The Conservative Party released their first Conservative only Budget in 19 years on 8 July 2015. This was a budget for working people and his message was clear – he wants to increase employment, make work pay and reduce the welfare bill. To support this approach, the Government will introduce a new National Living Wage for all workers aged over 25. This will be set at £7.20 from April 2016, 50p higher than the National Minimum Wage due to take effect from October 2015.
The Budget set out 4 statements that were sure to hit PSC’s (Personal Service Companies) hard and caused a lot of discussion in contracting circles. I will outline these below and then briefly go through some other key points in the Budget.
Firstly, the changes in dividend tax to be introduced from 06 April 2016. Shareholders can no longer receive a 10% tax credit but will now just have a £5,000 tax-free dividend. After that, all dividends will be taxed at
7.5% for basic rate payers;
32.5% for higher rate payers;
and 38.1% for additional rate payers.
This means, assuming a salary of £12000, that from 06 April 2016 you will now be paying £1950 in tax on dividend up to the basic rate threshold whereas before you were paying nil.
Secondly, the announcement that all umbrella companies and PSC’s that are working under the supervision, direction and control of the end client will no longer be allowed to claim travel and subsistence expenses. For many contractors, travel is among their biggest claimable expenditure, this will surely hit many hard.
Thirdly, while employer NIC allowance was raised from £2,000 to £3,000, it was announced that PSC’s with one sole director and employee would no longer be able to claim this.
Finally it was announced that IR35 was not effective enough and therefore would be scrutinised. In light of the above impending changes ensuring that the necessary steps to ascertain IR35 status is going to be more prudent than ever & you may find that you need urgent advice in this area. We would recommend Qdos Consulting for this advice.
Some other salient points from the Budget.
The rate of corporation tax will be cut from 20% to 19% in 2017 and to 18% in 2020. The Chancellor also announced that the future level of the annual investment allowance would be set at £200,000 for the life of this Parliament.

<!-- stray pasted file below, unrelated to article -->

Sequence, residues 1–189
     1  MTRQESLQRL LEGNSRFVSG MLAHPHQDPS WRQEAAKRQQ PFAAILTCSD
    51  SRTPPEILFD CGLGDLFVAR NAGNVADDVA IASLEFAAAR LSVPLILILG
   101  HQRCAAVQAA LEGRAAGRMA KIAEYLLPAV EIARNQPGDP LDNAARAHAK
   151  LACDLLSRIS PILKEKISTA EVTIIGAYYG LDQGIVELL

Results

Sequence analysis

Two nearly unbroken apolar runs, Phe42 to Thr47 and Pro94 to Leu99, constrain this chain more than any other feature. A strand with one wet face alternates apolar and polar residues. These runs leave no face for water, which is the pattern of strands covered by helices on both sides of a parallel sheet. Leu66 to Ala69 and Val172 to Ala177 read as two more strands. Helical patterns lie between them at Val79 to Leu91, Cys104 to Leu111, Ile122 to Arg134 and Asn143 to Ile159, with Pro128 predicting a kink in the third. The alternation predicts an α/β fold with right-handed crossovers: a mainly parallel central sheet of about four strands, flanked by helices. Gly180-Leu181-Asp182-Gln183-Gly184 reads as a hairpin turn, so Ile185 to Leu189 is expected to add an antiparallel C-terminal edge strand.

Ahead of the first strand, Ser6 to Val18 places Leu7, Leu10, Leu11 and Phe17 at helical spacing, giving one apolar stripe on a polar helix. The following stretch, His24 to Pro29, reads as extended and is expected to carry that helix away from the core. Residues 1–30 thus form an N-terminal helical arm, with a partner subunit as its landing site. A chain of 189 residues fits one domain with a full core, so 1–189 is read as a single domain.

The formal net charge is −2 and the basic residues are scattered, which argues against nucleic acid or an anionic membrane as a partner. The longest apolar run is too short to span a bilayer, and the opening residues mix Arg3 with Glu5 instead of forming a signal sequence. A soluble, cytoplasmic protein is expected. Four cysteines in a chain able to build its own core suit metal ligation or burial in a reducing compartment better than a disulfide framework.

Tax avoidance and evasion
As usual the Government has proposed a number of proposals to tackle tax evasion and avoidance, including further measures to counter identified tax avoidance schemes. This is a continuing theme from the previous Parliament whereby the lines of tax evasion, avoidance and aggressive avoidance are being blurred so that all fall under the umbrella of evasion which is illegal. With the triple lock on tax – namely no rises in rates of income tax, national insurance or VAT, the Government is going to raise the excess revenues from tax avoidance and evasion as well as the cuts to the Welfare Bill. The most pertinent point though is that the Chancellor announced a whopping increase in HMRC’s budget of £750m to tackle tax avoidance and evasion.
The problem here is the reduction in the interest that can be offset against income. For all those people with interest only mortgages that are only just covered by the rent, there is a nasty surprise in the next few years in the guise of a tax bill when the interest is gradually disallowed. At present interest is 100% allowable. In 2019/20 only 25% will be allowed.
In April 2016, landlords who let out furnished property will lose the 10% wear and tear allowance, which will instead be replaced by a new system that only allows them to get tax relief when they replace furnishings.
The lifetime allowance is to be reduced from £1.25m to £1.0m from 6 April 2016. Transitional protection for pension rights already over £1m will be introduced alongside this reduction to ensure the change is not retrospective. The lifetime allowance will be indexed annually in line with CPI from 6 April 2018.
IHT (Inheritance tax)
The IHT nil rate band will be frozen at £325,000 per person until 6 April 2021.
The Government is introducing a new extra nil rate band to be applied only to the value of a home left on death to a direct descendant of the deceased. This home-related nil rate band will start at £100,000 per person from April 2017 and increase over four years to £175,000 per person, allowing a couple to eventually pass on a family home worth up to £1m with no
IHT (2 x £375,000 plus 2 x £175,000).
The home-related nil rate band will not apply in full if the total estate is worth over £2m, and will not apply to a house that has never been used as a residence by the deceased (e.g. a buy-to-let property).
Where after 8 July 2015 someone downsizes their home, or ceases to own a home, thus turning the IHT-relieved property into cash, assets of an equivalent value will also be eligible for the relief.